Innovations such as cloud computing, social media, mobile tech, data science and the Internet of Things are affecting us every day. There were literally thousands of robotic-aided operations conducted in the UK last year. Uber, and others, have created innovation centres to try and launch flying cars within three years. With today's increasing pace of innovation, what once was explored only in books, television and movies is now becoming part of our world.
The impact is more than just increased innovation in technology. Organisations themselves are now under definitive pressures to change the way they operate - particularly as it relates to their own customer base. As innovation drives more personalised and entertaining experiences with brands, customer expectations of how a business should interact with them as a buyer are sky-rocketing. Recent research has shown conclusively that within the next three years nearly half of consumers - and more than half of business buyers - will actively switch brands if a company doesn't properly anticipate their needs. As a result brands (and the companies behind those brands) need to keep innovating to stay one step ahead of these expectations.
This is a huge challenge and from first-hand experience I can tell you that many senior leaders and CEOs are actively trying to manage this new 'innovation expectation.' They realise they have to change - but sometimes, it's harder to explain that innovation doesn't necessarily mean having huge 'splash' ideas, or wacky creatives continually coming up with off-the-wall campaigns. Innovation for many of our biggest brands today will be about finding a new way of interacting more effectively - with customers, with stakeholders, with their supply chain, with their business processes.
And with the speed of business faster than ever, how can organisations - especially larger ones that have more layers of governance - foster innovation without losing sight of what makes the business actually work?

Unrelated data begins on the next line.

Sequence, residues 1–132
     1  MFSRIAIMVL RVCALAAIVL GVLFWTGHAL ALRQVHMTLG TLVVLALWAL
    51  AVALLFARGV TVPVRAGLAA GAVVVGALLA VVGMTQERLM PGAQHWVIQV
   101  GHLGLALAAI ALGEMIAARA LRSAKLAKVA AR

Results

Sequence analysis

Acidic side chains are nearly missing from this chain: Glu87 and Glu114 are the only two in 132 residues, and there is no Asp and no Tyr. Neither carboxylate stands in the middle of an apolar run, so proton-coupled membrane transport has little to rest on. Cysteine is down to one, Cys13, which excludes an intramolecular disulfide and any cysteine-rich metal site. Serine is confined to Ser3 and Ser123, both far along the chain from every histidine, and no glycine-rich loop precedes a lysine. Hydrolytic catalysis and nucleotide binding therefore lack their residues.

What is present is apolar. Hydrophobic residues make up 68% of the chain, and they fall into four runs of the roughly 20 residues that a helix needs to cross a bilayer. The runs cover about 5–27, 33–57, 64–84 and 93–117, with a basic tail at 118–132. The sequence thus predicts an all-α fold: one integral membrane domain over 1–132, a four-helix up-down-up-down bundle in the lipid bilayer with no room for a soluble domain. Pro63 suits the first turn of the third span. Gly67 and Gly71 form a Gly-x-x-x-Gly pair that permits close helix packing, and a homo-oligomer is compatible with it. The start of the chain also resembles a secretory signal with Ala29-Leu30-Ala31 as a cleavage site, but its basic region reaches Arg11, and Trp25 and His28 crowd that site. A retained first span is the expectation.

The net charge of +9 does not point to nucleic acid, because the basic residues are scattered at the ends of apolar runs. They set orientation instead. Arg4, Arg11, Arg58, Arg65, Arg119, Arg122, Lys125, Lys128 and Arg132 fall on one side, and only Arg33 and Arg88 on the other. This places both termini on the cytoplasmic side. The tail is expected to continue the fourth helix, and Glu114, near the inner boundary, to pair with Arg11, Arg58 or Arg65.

I believe the answer lies in collaboration, because innovation and collaboration are processes that feed off each other in a positive manner. Innovating takes the seeds of ideas and dynamically combines them with new concepts; by participating in driving those new concepts, collaboration takes off, creates new opportunities and options for those innovations - and realises the benefits of the innovation both internally and externally.
Here's how it works in real life. At Salesforce we've deliberately cultivated a workplace and culture that supports collaboration, and focuses on expanding innovations as they become available. I can tell you now that great ideas don't only come from senior leadership - they come from everyone in the organisation. Even our graduates have the opportunity to feed into our campaigns, our programmes and our processes. Everyone knows that they are welcome to speak up and our senior executives are able to act as cultivators who can embrace ideas and bring in the right people to help make those concepts reality. We do that in meetings, via Chatter (our enterprise social networking application used by all), hackathons, even employee challenges - and everyone takes pride in their role in driving Salesforce innovation forward.
Obviously, truly disruptive companies are all about creating new solutions to customer needs. Uber became popular because there was a definitive need for on-demand, quick and personalised transportation in several markets; AirBnB came up with an accommodation solution designed to help people match their needs with a marketplace of rental options. In both cases, it wasn't about the product itself but rather about the customer for whom that product made a difference in their day-to-day lives. That's why encouraging teams to focus in on identifying customer pain points and ways to address them is key to driving innovation that really "disrupts" the market and becomes a "must have" product or service.
Supporting the capture and promotion of ideas is an important step, but it's only a first step. The time and effort required to turn these ideas into concrete results often requires funding. What's more, in my experience, allocating resources to innovation also sends a strong message to employees that innovation matters.
Remember, there isn't any guarantee of a return on investment in innovation - not every idea works. But failure is an important function as well, helping teams and people learn so that the next "try" can build on the positive. Companies can create 'innovation labs', either real or virtual, enabling ideas to be continually built out and tested to prove or disprove them, or create formal 'employee challenges.' Either way, demonstrating that a company is willing to embrace new and different ideas helps foster that mindset across a company that change is good.
We're at the beginning of a massive wave of tech-based innovation - and now is the time for every business to get on (their) board and ride it.
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